The NHS will be able to make decisions to deprive people of their liberty under new law, health officials have announced.
The current Deprivation of Liberty Safeguards (DoLS) system has been heavily criticised, with a Government-commissioned review in 2017 calling for the system to be replaced as a matter of urgency.
In some circumstances, patients who lack the mental capacity to consent need to be detained in a place like a hospital or care home when it is in their best interests.
Under the current rules, the care home or hospital must apply for, and be granted, a DoLS authorisation from a local authority.
But a significant number have not been processed in the appropriate time.
There is a current backlog of 108,000 people whose safeguards have not been reviewed.
It comes after the number of applications hit record highs.
The applications can be made for people with dementia, serious mental health problems or learning difficulties if it is deemed they do not have the mental capacity to make decisions about their care.
The Department of Health and Social Care said a new law for England and Wales will mean that some of the most vulnerable people in society will be better protected.
It said that the Mental Capacity (Amendment) Bill, which has been introduced in the House of Lords, will also reduce the burden on local authorities and save an estimated £200 million a year.
In a statement, the Department said the Bill will: introduce a simpler process with more engagement with families and "swifter access to justice", and allow the NHS, rather than local authorities, to authorise their patients, "enabling a more streamlined and clearly accountable process".
It will also eliminate repeat assessments and authorisations when someone moves between a care home, hospital, and ambulances as part of their treatment, DHSC said.
A spokeswoman said the new system will be known as Liberty Protection Safeguards.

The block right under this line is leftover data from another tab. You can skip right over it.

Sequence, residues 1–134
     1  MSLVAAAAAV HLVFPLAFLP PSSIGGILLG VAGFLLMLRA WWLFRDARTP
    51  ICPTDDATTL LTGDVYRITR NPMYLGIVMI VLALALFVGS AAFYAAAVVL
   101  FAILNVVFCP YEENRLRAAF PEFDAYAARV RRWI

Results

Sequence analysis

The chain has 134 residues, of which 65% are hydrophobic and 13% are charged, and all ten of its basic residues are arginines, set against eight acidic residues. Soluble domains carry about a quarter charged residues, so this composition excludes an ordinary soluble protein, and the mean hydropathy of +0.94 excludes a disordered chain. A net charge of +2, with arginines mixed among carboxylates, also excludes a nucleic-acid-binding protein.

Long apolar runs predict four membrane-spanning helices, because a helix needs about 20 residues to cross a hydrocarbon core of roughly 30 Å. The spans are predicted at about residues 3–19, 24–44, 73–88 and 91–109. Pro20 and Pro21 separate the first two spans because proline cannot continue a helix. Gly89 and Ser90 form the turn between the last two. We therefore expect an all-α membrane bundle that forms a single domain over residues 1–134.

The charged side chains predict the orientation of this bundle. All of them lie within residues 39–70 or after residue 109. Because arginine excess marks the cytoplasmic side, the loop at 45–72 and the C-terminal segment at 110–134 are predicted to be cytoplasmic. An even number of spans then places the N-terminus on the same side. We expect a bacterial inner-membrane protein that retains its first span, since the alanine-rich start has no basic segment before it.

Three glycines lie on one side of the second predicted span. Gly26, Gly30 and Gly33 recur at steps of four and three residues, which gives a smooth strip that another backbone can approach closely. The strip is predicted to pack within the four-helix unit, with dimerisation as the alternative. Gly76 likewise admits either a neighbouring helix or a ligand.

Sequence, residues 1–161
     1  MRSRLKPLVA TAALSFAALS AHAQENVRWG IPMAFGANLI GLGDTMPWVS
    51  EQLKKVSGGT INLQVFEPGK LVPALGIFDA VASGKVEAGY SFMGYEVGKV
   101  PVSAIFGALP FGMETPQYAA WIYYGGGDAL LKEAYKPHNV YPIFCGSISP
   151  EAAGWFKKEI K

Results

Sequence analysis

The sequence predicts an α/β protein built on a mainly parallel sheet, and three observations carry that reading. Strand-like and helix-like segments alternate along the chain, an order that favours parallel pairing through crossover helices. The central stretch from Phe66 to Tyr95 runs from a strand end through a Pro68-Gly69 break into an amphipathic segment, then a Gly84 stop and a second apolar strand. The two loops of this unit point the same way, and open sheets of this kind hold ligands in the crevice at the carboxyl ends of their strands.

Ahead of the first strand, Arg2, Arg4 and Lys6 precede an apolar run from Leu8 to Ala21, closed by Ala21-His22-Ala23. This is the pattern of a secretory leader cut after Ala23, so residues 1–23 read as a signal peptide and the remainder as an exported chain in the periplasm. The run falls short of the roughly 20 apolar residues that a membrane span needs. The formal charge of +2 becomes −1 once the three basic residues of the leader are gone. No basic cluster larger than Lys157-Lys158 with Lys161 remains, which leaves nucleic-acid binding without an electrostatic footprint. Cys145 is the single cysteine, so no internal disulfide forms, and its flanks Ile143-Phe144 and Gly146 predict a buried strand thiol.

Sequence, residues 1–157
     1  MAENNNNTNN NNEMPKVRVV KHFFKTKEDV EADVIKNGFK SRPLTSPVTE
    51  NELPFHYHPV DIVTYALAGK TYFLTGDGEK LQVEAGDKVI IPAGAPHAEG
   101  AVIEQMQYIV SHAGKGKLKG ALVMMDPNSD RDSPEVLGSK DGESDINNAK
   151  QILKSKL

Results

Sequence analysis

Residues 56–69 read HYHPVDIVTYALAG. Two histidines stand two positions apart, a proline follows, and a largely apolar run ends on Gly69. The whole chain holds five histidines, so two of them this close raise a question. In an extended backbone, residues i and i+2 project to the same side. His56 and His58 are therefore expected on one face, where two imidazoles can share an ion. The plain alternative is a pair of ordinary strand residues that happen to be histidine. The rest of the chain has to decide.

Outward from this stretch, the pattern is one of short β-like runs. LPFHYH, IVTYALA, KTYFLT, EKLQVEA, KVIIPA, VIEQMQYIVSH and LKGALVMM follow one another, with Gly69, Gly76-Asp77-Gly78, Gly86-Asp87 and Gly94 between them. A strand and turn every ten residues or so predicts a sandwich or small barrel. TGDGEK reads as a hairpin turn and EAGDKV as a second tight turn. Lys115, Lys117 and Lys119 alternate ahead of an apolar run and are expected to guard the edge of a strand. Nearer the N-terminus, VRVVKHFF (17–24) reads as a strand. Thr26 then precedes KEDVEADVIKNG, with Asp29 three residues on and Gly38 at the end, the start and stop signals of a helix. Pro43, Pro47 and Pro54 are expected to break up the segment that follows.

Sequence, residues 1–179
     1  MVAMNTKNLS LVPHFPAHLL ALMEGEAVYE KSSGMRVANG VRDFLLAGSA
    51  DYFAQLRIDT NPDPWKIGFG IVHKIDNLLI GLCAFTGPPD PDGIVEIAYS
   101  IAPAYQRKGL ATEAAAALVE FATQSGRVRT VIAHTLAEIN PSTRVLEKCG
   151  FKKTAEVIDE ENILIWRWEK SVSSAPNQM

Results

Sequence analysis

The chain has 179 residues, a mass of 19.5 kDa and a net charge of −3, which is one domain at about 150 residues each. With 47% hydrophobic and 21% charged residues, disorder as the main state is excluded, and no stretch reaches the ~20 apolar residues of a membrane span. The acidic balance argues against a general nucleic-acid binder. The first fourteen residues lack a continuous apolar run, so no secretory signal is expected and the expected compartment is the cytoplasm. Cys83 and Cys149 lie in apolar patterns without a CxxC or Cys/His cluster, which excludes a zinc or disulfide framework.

Care Minister Caroline Dinenage (pictured) said: "I want to ensure that the system works for everyone and ensures that individuals' fundamental rights are protected while reassuring families their loved ones are getting good care.
"We know local authorities are under pressure, which is why these reforms are so important: to reduce the burden on councils so they can focus their resources where they are needed on the frontline."
In 2017 a damning review by the Law Commission concluded that the legal measures designed to safeguard some people detained in care facilities are "failing those they were set up to protect".
Commenting on the Bill, Law Commissioner Nicholas Paines QC said: "In our report we were clear that the Deprivation of Liberty Safeguards needed to be replaced as a matter of pressing urgency.
"This new legislation, based broadly on our recommendations, will go a long way towards addressing the flaws of the current system and better protect the most vulnerable in our society."
Figures from NHS Digital show that there were 217,235 applications for DoLS received during 2016/17 in England.
This represents an 11% rise on 2015/16 and is the highest figure since the measure was introduced in 2009.
Glen Garrod, president of the Association of Directors of Adult Social Services (ADASS), said: "Once enacted, it is hoped that this law will help ensure the protection of liberty of all people who lack mental capacity more effectively and efficiently than under the present Deprivation of Liberty Safeguards.
"A period of transition is likely to be needed to enable health and care staff and provider organisations to adapt to the new system.
"As part of this, it is essential that a fully-resourced programme, which will include training, is put in place to support the new process."
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